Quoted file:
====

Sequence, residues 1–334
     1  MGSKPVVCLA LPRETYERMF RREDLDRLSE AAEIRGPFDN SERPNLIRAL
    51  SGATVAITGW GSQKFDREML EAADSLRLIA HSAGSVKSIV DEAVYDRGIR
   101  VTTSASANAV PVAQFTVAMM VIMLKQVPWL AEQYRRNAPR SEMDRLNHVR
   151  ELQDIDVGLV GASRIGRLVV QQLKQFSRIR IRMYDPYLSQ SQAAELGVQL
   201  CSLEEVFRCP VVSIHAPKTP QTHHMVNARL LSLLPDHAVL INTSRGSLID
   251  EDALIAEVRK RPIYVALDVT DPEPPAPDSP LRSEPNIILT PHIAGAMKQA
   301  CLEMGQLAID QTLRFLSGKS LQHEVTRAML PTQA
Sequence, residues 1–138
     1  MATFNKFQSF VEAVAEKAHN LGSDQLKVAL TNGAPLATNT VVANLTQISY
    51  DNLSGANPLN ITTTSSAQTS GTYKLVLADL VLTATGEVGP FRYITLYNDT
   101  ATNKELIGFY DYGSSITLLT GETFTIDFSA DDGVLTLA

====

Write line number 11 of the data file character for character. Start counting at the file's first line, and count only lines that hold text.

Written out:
    51  DNLSGANPLN ITTTSSAQTS GTYKLVLADL VLTATGEVGP FRYITLYNDT